Learning Assertive Communication through Interactive Scenarios – “Choose-your-own-adventure”: Engaging e-lessons with interactive scenarios

by Anita Toh


A major challenge in flipped lessons is getting the students to complete the requisite pre-class work prior to the in-class sessions. Most pre-class work involve students reading texts, viewing powerpoint slides, watching videos and then completing a task sheet or quiz, or participating in a forum discussion.

When I was designing a flipped lesson on assertive communication skills, I did not want the students doing any of these. I wanted to be able to ask them a question, have them select an answer, and provide them with immediate feedback on their responses. I wanted to create a “choose your own adventure” type of experience for them. (The “Choose you own adventure” books are a series of books popular in the 1990s where readers take the role of the protagonist in the stories and make decisions that take them to different outcomes in the story.)

Therefore, I experimented with interactive scenarios. The pedagogical basis for interactive scenarios is scenario-based learning (SBL).


Scenario-based learning (SBL)

SBL is based on Lave and Wenger’s situated learning theory, which holds that learning needs to occur in authentic contexts, in situations where the knowledge is to be used (Errington, 2005). SBL involves the use of scenarios or stories that enable students to explore decision-making, critical thinking and problem-solving in real-world situations without the risk of real-world consequences. These scenarios may be presented orally, in writing or via interactive videos and software applications.

In e-lessons, SBL commonly utilizes interactive scenarios that take students through a story in which the protagonist is experiencing a problem. Students are presented with several options. They have to select the course of action they think the protagonist should take and see the consequences of their selection. Students may replay the interactive scenario multiple times to explore the outcome of different courses of action.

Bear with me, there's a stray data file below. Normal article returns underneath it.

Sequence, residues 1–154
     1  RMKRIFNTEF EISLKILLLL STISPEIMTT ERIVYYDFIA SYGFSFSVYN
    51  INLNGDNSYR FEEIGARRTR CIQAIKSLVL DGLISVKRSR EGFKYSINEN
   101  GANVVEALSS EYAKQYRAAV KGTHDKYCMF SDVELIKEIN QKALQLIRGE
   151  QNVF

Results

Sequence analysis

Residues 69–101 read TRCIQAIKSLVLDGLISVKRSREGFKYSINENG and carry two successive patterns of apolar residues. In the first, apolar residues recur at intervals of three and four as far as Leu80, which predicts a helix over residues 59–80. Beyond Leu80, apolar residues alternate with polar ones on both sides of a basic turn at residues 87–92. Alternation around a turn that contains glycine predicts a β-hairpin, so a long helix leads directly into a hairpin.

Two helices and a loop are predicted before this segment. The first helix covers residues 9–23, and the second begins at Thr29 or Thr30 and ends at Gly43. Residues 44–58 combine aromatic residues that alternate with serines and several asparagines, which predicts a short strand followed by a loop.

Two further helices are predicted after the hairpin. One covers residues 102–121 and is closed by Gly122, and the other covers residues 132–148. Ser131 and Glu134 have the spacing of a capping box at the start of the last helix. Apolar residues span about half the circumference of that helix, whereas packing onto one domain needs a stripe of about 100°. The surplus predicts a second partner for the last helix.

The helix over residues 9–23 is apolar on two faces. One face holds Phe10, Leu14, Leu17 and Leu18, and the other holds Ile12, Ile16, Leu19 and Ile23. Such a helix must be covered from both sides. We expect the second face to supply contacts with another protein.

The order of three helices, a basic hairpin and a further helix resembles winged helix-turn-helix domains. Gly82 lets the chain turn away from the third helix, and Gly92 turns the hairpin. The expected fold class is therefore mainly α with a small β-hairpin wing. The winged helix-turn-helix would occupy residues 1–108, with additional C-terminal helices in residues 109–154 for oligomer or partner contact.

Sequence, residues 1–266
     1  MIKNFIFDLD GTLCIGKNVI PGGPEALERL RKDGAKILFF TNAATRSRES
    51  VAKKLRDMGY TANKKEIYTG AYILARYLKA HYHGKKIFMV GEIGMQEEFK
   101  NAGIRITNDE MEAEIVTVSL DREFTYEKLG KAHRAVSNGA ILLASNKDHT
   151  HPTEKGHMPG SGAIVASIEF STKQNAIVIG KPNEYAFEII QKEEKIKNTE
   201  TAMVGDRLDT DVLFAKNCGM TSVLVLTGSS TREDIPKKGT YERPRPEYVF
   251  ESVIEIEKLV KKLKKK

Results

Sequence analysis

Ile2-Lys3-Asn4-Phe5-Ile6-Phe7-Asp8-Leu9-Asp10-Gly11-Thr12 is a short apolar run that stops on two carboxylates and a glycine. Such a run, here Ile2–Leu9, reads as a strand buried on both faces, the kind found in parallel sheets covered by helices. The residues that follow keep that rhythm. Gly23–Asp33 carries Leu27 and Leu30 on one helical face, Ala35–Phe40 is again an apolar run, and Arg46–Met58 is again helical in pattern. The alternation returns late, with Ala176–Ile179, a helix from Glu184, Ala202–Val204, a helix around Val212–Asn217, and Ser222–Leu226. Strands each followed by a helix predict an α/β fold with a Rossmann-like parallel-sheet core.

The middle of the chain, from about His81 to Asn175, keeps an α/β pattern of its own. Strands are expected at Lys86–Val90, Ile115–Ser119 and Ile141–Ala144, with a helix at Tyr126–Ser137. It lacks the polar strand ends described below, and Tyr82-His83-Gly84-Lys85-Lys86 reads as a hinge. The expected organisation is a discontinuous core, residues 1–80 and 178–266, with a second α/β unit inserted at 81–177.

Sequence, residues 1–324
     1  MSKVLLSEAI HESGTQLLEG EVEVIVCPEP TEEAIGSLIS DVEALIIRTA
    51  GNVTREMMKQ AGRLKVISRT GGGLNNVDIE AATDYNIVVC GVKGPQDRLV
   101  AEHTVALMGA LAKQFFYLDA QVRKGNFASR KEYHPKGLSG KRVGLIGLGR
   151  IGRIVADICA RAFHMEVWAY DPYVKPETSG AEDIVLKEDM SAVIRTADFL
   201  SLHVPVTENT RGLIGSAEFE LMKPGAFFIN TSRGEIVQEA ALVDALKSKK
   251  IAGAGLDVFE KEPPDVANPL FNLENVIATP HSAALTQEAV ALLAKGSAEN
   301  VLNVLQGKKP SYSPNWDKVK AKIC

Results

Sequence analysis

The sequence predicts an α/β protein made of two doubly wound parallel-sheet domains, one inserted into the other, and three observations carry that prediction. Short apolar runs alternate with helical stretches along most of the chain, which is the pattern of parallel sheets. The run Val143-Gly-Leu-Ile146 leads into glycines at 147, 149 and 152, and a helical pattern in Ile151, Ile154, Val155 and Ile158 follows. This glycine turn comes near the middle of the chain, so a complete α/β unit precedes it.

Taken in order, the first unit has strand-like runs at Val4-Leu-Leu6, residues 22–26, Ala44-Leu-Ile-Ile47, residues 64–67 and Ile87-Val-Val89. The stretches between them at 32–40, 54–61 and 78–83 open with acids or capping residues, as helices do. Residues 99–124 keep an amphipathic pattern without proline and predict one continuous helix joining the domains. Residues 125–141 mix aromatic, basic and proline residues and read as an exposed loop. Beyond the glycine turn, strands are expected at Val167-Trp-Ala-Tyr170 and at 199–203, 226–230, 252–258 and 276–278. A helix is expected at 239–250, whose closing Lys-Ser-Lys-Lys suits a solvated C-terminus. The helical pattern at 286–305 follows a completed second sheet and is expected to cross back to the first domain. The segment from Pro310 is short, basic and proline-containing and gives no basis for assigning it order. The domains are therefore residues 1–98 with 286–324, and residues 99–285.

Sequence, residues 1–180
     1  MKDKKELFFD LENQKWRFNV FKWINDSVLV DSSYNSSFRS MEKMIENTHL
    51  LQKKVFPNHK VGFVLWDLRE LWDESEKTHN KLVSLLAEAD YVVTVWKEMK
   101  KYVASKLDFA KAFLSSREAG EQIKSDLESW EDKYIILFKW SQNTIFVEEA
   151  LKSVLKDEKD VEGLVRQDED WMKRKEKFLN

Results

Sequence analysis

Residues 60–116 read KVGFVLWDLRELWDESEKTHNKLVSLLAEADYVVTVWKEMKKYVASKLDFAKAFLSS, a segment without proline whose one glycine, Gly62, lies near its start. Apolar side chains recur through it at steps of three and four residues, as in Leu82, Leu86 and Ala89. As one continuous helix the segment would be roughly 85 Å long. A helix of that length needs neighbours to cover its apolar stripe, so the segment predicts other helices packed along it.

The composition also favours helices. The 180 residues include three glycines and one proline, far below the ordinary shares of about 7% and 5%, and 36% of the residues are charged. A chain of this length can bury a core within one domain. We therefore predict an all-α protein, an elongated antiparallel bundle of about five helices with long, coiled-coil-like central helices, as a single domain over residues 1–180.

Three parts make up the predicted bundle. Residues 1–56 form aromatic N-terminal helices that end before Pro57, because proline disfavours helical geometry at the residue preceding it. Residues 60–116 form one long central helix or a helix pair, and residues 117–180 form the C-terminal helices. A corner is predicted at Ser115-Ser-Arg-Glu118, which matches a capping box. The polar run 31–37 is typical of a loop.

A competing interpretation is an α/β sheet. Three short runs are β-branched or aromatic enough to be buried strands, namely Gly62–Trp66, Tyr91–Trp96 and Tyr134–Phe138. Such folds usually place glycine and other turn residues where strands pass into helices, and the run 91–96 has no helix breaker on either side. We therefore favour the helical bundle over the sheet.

The following is an example of one of the interactive scenarios I created for the assertive communication skills e-lesson.

Figure 1. Interactive scenario presenting a problem with 3 choices

Figure 2. The outcome of selecting one of the choices

These interactive scenarios were created using Articulate Rise, an online content authoring tool. The lesson was exported as a SCORM (Shareable Content Object Reference Model) package and uploaded to the university’s learning management system, LumiNUS. Students access the e-lesson (known to students as a SCORM lesson) via LumiNUS.


Students’ reactions to the interactive scenarios 

105 students were invited to complete an online survey after completing the SCORM lesson on assertive communication skills. 85 responses (80.95%) were collected.

Students were asked to rate the interactive scenarios on a scale of 1 (Not engaging) to 5 (Very engaging). The figure below shows that 82.3% of the respondents indicated that they found the interactive scenarios “engaging” and “very engaging”.

Figure 3. Students’ ratings of the interactive scenarios


Students were also asked to rate the usefulness of the content of the SCORM lesson. Most of the students (95.3%) found the lesson “somewhat useful” and “very useful”.

Figure 4. Students’ ratings of the relevance of the content of the assertive communication skills SCORM lesson

The students were asked to comment on the interactive scenarios. Most comments were positive and were related to the pedagogical and engagement value of the lesson.


The following are some of their comments on the interactive scenarios:

Comments about the pedagogical value of the interactive scenarios

  • I think they help to debunk misconceptions or clarify certain nuances when it comes to responding to people in the workplace. It is also a very fast way to learn about navigating common scenarios or things that we would say in an event of a difficult situation.
  • It is engaging as there are different scenarios provided for me to better understand the lessons.
  • i think the scenario-based questions, they allow us to think in the shoes of the person in a particular situation; very engaging and not draggy
  • Puts you in situations rather than just describe.